Anda di halaman 1dari 7

World Applied Sciences Journal 14 (Learning Innovation and Intervention for Diverse Learners): 08-14, 2011

ISSN 1818-4952
IDOSI Publications, 2011

Teaching Strategies to Increase Science Subject Achievement:

Using Videos for Year Five Pupils in Primary School

Zahara Aziz, 1Shurainee Hanim Mohamad Nor and 2Rozalina Rahmat

Center of Excellence for Learner Diversity, Faculty of Education,
Universiti Kebangsaan Malaysia, 43600 Bangi, Selangor, Malaysia
Division of Policy Unit, Development of Curriculum,
Ministry of Education, 62604 Putrajaya, Selangor, Malaysia

Abstract: Student difficulty in understanding basic concepts and scientific knowledge is a major obstacle when
achieving teaching objectives for Science subjects in primary schools. Abstract concepts and knowledge,
which cannot be seen or touched, are important issues. Teaching strategies using media (video) can impact the
learning process. This study examines the impact of using videos as a teaching strategy for delivering scientific
knowledge to pupils in primary schools. Science is a core subjects in primary and secondary schools in
Malaysia, so it is important to ensure that pupils do grasp the basic concepts. The study applied quantitative
methods on a sample of 18 pupils in Year Five from one of the National Schools in Bangsar, Kuala Lumpur. Data
were analyzed using SPSS descriptive statistics and translated into tables and diagrams. The findings
suggest that a video teaching strategy helps pupils improve their understanding of basic concepts and
knowledge in Science classes. Pupils showed positive changes in attitude and interest, so learning Science can
then become fun.
Key words: Science

Learning process

Media and video strategies


Teaching strategies

Investigating the Earth and the Universe, does need

proper attention. The nature of the knowledge is abstract
rather than concrete and result in a low level of mastery
among pupils. Pupils have difficulty imagining and
understanding how such phenomena occur, which leads
to failure in explaining the theory correctly.
Thus, researchers decided to conduct a study on the
effectiveness of media strategies using videos to enhance
pupils understanding of scientific facts. This study
examines the effectiveness of using videos in teaching
Science to pupils in Year Five. The study also aims to
improve student assessment scores on examinations or
tests. In general, the use of videos adds varieties to the
teaching of Science subject and they are viable teaching
techniques for learning in schools.

Science is a subject that plays an important role in

fulfilling the aspirations of the National Education
Philosophy. In line with the National Education Policy Act
enacted in 1996, Science is today a core subject in all
primary and secondary schools throughout Malaysia. The
Science Curriculum for primary schools is designed based
on this National Science Education Philosophy which
states that:
"In line with the National Education Philosophy,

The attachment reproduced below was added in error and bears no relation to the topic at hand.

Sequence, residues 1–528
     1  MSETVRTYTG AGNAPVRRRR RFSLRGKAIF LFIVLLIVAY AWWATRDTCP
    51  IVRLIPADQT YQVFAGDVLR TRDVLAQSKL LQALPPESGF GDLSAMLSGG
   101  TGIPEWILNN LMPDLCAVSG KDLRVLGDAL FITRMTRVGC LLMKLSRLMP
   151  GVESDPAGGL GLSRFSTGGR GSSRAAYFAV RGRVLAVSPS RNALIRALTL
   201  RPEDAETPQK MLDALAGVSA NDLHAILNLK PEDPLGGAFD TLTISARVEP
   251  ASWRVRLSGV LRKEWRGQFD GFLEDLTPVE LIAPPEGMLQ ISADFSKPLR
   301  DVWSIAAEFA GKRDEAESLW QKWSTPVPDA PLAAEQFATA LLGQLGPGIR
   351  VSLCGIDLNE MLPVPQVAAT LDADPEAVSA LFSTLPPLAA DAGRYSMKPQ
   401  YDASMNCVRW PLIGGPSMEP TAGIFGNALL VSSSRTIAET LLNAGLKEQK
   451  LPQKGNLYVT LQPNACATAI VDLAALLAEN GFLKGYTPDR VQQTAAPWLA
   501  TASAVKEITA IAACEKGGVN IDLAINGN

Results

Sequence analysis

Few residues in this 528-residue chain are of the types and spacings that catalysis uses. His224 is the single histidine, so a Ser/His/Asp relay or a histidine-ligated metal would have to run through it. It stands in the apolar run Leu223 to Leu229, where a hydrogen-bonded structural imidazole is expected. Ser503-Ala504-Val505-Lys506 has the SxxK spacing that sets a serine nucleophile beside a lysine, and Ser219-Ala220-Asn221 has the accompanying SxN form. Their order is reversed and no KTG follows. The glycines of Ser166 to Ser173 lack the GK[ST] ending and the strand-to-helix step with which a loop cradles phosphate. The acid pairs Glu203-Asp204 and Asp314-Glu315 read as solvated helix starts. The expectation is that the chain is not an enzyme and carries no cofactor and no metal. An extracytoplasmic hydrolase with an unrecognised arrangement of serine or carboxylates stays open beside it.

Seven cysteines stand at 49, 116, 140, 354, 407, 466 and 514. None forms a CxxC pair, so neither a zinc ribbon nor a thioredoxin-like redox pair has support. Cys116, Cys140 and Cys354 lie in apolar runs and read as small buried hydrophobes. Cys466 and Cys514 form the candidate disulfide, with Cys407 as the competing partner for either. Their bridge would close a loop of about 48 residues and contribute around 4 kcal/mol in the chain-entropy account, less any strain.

science education in Malaysia fosters a culture of
science and technology with emphasis on individual
development to become competitive, dynamic, robust and
resilient and able to master science and technology
skills." [1]
Science in the primary schools is a three-year
program for pupils at Level II (years 4, 5 and 6). The
curriculum aims to help pupils learn about themselves
and their environment through both experience and
investigation. However, the ability of pupils to
understand basic science knowledge in the fourth theme,

Operational Definition
Teaching Strategy: The term refers to the manner in
which teachers want to achieve the goals of instruction.
A strategy will cover several aspects of the sequence and
structure of the information to deliver and then decide
how to achieve it [2].

Corresponding Author: Zahara Aziz, Faculty of Education, Universiti Kebangsaan Malaysia, Bangi.
Tel: +6012383524, E-mail:

World Appl. Sci. J., 14 (Learning Innovation and Intervention for Diverse Learners): 08-14, 2011

Basic Science Knowledge: Encarta Encyclopedia states

that science in the broad sense of the word explores the
meaning of knowledgeknowledge gained by systematic
sensory experience that can be objectively proven. In the
context of action research, basic science knowledge of
pupils is referred to as the ability to master the Fourth
Theme, namely to investigate the earth and the universe.
The Field of Study for this theme is the Earth, Moon and
Sun and the Natural Phenomena and Astronomy [3].

Providing Information: Different media, such as

television, educational radio stations and films, provide
educational information to communicate the teaching and
learning process.
Connecting Pupils with the Lesson: Events happening
outside the classroom can be recorded, using photos and
videos or written in a book and then brought into the
classroom. Pupils can thus relate easily to the events, as
they were captured through the media and later presented

Video Media: According to Hofstetter and Tway [4],

"Multimedia is the use of a computer to present and
combine text, graphics, audio and video with links and
tools that let the user navigate, interact, create and
communicate ". In this study, video deals with the